Why A Gas Price Spike Could Hit Some States Harder Than Others Page 2

March 17, 2010
2010 Toyota Prius

2010 Toyota Prius

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Then, the organization ran those numbers again, looking at state-average gas prices from July 2008, when prices peaked. Again examining how each state would be affected, it found that Mississippi would be hit hardest if prices spiked again, followed by Montana, Louisiana, Oklahoma, and South Carolina. Kentucky, Texas, Arkansas, and Georgia rounded out the top ten.

Mississippi and Montana drivers were both predicted to spend more than ten percent of their income on gasoline during a sustained price spike while New York, Connecticut, and Massachusetts drivers would still be under the five-percent mark.

The point? That those who are just struggling to get by now won't be able to sustain their lifestyle at all if gasoline prices spike while the affects of the recession persist.

If you're not sure if you can weather the next storm, it might be worthwhile to crunch out how much you're spending on gasoline—possibly by checking out estimated Annual Fuel Cost figures at the federal government's FuelEconomy.gov site. For instance, a new 2010 Toyota Sequoia costs $2,791 per year, given an estimated 15,000 miles of driving, while a 2010 Toyota Prius costs just $837. Listings for previous model years are there as well.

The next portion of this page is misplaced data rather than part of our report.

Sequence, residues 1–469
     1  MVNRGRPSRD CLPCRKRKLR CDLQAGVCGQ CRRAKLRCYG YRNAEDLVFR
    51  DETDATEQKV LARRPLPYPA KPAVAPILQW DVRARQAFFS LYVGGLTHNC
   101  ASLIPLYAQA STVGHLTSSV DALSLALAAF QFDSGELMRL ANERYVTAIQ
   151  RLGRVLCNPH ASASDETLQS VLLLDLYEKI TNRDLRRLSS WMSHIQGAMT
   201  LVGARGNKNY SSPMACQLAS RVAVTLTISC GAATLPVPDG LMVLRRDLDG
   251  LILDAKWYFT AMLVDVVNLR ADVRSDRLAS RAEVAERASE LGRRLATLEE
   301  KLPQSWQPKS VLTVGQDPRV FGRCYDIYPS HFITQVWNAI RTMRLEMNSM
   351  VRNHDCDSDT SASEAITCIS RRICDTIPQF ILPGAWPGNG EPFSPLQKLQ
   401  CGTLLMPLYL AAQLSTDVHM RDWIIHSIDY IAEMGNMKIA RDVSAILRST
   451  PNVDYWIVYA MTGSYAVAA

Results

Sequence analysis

NRDC, which points out that the U.S. currently imports more than two thirds of our crude oil supply from abroad, and 96 percent of out transportation system is reliant on oil, used the results to rally for legislative action from Congress, more promotion of fuel-efficient vehicles, clean fuels, and smart growth through local and state governments, and federal transportation reform that includes transportation alternatives.

The results serve to emphasize that in those states where drivers already spend a disproportionately large amount of their income on gasoline, price spikes are going to affect struggling Americans (and their local economies) a lot harder.

"Drivers in many states are hurting," the group asserts, "and if gasoline prices spike again, they will be hurting even more."

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